Seatbelt Usage in Connecticut
According to research, 87 percent of vehicle occupants wear seatbelts when they travel. This is slightly above the national average of 86 percent. As part of the Northeast region, Connecticut is in the third place group for overall usage of seatbelts.
The state has had a seatbelt law in effect since January 1986. At that time, it implemented the law allowing it to be a primary enforcement state. This means a police officer can stop a person for no other reason than the fact that they are not wearing their seatbelt. It can result in a $15 fine.
Connecticut also has a law for child safety seats. Anyone younger than one year must be in a rear-facing seat. They will then switch to a front-facing seat until they are six, when they can move to the front seat. However, if the passenger airbag is active, children 11 years old or younger must be in the rear seat.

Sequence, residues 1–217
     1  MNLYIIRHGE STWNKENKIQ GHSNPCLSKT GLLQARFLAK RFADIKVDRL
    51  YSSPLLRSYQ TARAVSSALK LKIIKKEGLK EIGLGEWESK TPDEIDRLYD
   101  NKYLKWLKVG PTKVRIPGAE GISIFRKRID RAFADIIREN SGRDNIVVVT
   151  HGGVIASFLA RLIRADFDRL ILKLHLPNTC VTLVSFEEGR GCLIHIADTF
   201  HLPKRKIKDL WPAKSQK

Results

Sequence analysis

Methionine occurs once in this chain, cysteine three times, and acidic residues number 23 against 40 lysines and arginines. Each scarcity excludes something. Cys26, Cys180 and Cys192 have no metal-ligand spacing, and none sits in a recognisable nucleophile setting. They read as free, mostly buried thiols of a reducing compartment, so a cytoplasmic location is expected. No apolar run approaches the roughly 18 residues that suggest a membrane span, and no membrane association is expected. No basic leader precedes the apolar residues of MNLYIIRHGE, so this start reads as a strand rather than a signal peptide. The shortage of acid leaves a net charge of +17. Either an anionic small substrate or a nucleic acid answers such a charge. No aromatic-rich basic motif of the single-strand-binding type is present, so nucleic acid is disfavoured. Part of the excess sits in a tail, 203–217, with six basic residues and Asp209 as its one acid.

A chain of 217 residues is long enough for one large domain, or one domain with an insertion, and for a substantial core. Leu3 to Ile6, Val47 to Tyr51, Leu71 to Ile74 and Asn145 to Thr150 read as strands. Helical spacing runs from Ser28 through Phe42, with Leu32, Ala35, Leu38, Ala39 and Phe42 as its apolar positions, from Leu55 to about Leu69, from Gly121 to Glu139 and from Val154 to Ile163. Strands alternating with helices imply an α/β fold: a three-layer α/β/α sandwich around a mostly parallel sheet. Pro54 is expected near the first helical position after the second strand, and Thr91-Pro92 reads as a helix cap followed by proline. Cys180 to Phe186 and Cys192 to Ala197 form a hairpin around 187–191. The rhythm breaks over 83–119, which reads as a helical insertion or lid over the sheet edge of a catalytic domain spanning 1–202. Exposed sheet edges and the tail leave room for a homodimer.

Connecticut has remained steady with seatbelt usage since 2007 with periods of decline. For instance, in 2007, the state has a rate of 85.8 percent of people wearing seatbelts. This number increased in 2008 to 88.0 percent before dropping back down to 85.9 percent. The year 2014 saw a slightly lower rate at 85.1 percent of people wearing seatbelts. Overall, the state has a lower rate of traffic fatalities than other states. For Connecticut, this is a rate of 7.4 per 100,000 population as compared to the US average of 10.9.
More rural people fail to wear seatbelts than those living in urban areas nationwide. Statistics also show that usage of seatbelts is lower during rush hour than at other times during the weekday or on the weekend. More people in vans, SUVs, and cars buckle up than those who ride in pickup trucks.